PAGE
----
-Adductor brevis
-Adductor Magnus
Medical rotators Tensor fascia latae, Gluteus Medius, Gluteus Minimus
Lateral rotators Obuturator muscvles, gemelli and Quadratus femoris Lateral rotation is usdally limited by the tension of medial rotators and iliofemoral ligament .
Stablity Hip joint is very strong and stable joint surrounded by powerful muscles and dense fibrous capsule, strengthened by strong intrinsic ligments particularly iliogemoral ligament.

Mainly by -Medial and lateral cicumflex femoral arteries
-Deep division of the superior gluteal artery
-Inferior gluteal artery
Head of the femur is supply by – Posterior division of the obturator artery
Nerve Supply Femoral nerve – Via nerve to the rectus femoris muscle
Obturator nerve – Via it’s anterior division.
Sciatic nerve:- – Via the nerve to the quadratus femoris muscle
Superior gluteal nerve – Here the femoral, sciatic and oburator nerves also supply the knee joint, so hip disease may cause a refered pain to the hipjoint.

Dislocation of hip joint
It can be of two types
1 Congenital dislocation
2 Aquaired dislocation

According to the direction of dislocation
1 Posterior dislocation – Commonest
2 Anterior dislocation
3 Central dislocation

Congenital dislocation : This Condition is more Common in girls , than boys (Ration is 7:1 . This is more Commonly Seen in European countries and in Japan. It is bilateral in about half the cases. Left hip is more commonly affected than the right hip
Aetiology and pathogenesis
1) Genetic – It tends to run in familes There are two heritable fectures which could predispose to hip instability are Generalised joint laxity :- Which is a dominant trait
Acetabular displasia.
2) Hormonal factors – High levels of maternal oestrogen, progesterone and relaxin in the last
months of pregnancy-may aggravate the ligamentous laxity in the infant
3) Intrauterine malpostion – Breech presentation with extended legs may be the cause
Clinical features –
Congenital dislocation is not obvious at birth . The characteristic clinical sign is the inability to abduct the thigh. In addition the affected limb seems to the shorter in unilateral dislocation , because the dislocated femoral head is more superior than on the normal side In bilateral dislocation there is an abnormally wide perineal gap Abduction is decreased.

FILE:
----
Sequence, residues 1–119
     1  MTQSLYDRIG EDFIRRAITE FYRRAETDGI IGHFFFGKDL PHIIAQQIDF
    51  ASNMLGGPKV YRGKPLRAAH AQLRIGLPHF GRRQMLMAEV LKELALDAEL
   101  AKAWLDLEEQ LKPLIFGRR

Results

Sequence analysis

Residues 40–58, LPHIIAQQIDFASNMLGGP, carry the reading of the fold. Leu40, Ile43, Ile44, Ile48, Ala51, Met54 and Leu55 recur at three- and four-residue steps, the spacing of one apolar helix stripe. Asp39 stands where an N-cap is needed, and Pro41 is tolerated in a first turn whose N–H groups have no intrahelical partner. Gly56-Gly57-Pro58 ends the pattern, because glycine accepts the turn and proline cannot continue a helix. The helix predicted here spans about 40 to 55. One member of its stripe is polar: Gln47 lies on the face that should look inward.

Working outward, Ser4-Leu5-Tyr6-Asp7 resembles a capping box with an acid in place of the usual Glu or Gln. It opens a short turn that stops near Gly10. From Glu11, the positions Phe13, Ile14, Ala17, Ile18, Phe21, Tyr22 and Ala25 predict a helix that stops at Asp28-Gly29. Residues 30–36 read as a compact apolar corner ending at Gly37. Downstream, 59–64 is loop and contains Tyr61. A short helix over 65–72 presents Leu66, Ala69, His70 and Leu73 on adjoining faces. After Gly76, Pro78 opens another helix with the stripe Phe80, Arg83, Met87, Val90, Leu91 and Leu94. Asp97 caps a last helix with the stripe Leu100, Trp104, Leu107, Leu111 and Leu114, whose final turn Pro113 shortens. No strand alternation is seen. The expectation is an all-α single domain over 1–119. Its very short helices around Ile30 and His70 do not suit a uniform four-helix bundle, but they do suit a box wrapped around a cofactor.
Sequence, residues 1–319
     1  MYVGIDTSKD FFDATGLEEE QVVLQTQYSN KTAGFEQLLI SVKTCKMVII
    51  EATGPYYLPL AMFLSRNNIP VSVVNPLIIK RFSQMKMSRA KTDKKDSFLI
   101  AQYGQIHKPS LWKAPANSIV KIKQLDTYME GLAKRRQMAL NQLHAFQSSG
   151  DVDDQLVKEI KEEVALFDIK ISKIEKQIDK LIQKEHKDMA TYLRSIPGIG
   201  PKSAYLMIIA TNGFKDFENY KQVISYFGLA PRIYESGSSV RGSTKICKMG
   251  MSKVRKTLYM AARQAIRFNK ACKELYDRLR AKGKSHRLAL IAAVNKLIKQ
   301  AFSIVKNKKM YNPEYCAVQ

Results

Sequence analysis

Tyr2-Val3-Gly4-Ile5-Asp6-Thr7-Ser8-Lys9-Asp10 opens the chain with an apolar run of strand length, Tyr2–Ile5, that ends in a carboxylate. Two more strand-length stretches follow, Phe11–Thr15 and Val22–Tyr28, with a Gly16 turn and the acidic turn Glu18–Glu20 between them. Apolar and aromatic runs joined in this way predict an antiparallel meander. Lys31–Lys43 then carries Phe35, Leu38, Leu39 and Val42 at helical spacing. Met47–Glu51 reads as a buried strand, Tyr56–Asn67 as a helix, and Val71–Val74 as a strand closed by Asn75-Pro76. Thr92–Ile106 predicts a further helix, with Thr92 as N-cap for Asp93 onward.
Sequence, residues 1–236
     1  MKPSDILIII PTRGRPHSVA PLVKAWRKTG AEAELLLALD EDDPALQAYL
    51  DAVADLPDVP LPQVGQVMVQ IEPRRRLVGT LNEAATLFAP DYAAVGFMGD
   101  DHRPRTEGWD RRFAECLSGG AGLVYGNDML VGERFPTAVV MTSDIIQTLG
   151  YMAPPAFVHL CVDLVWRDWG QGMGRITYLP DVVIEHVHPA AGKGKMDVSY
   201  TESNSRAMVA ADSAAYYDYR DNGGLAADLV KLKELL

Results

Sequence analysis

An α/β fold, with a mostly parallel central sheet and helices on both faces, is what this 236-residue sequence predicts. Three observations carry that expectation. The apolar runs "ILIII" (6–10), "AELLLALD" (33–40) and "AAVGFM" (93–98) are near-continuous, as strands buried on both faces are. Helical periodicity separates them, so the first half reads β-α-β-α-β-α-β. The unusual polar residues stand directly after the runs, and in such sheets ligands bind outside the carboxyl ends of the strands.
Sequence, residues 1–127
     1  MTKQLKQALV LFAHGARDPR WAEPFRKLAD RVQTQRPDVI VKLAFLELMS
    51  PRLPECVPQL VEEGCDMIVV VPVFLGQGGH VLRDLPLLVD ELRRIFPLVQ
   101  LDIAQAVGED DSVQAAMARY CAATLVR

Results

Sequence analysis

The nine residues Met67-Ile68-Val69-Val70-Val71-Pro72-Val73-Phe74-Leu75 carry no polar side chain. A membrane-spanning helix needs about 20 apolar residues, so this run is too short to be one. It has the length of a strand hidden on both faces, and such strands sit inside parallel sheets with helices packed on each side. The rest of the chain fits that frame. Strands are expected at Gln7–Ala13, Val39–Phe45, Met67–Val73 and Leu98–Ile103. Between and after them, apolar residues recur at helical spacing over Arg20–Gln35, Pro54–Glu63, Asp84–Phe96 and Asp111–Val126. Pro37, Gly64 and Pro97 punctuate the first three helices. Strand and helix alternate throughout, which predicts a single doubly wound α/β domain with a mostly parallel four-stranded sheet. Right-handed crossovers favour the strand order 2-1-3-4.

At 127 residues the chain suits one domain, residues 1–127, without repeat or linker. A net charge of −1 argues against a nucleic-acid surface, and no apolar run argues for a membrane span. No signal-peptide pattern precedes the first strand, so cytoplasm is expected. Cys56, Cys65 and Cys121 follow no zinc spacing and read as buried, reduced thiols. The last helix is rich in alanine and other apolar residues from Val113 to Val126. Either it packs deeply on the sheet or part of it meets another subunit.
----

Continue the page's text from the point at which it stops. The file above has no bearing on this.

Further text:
Can be confirmed by ultrasonography . At birth the acetabulum and femoral head are eatilagenous and therefore it is invisible on plane x-rays. They are helpful after 6 months. 80-90 or of unstable hips at birth will stabilize spontaneously in 2-3 weeks.

Dislocation occuring after the 1st year of life is usally due to one of the 3 cause –
-Pyogenic arthritis.
-Muscle imbalance
Rare causes are
-Charcot’s disease.

Dislocation following sepsis
In infants – the femour may be infected via the umnilicus or via the femoral vein puncture. Infection readly affected the femoral head and the joint .
In Older children Acute osteomyelitis the metaphysis may be the cause . Here the head of the femur may be destroyed and pathological dislocation result. On X-ray femoral head appears to be completely absent.

Dislocation due to muscle imbalance
Here the hip adductors become weaker than adductors due to unbalanced parplysis in childhood . This is seen in – Cerebral
– Myelomeningocele
– After poliomylitis etc.
The greater trochanter fails to fails to develop properly, the femoral neck become valgus and hip may subluxate or dislocate.

Traumatic dislocation 
This is very uncomon because this articulation is very strong and state.
-Posterior – Anterior – Central
Posterior dislocation:- Most common varity. usually occurs in a road accident, when someone is seated in a trunk or car is thrown forward & striking against the dashboard. Here the femur is thrust upwards and femoral head is forced out of it’s socket.
Here the leg is short and lies adducted, internally rorated and slightly flexed. In this postion the femoral head is covered posteriorly by capsule rather than bone . As a result the capsule ruptures inferiorly and posteriorly allowing the fermoral head to pass through the tear in the capsule and over the posterior margin of the acetabulum. Often the acetabular margin fractures,producing a fracture-dislocation of the hipjoint when the femoral head dislocates it usually carries the acetabular bone fragment and tne acetabular labrum with it .

Diagnosis Is by x-ray AP view . femoral head is seen out of it’s socket and above the acetabulum.
Sciatic nerve injury
Since sciatic nerve is lying close to the hipjoint , it may be injured during posterior dislocations. this result in paralysis of the hamstring muscles and of the muscles distal to the knee suppied by the sciatic nerve . There will be sensory changes in the skin over the posterior and lateral aspects of the leg and over much of the foot.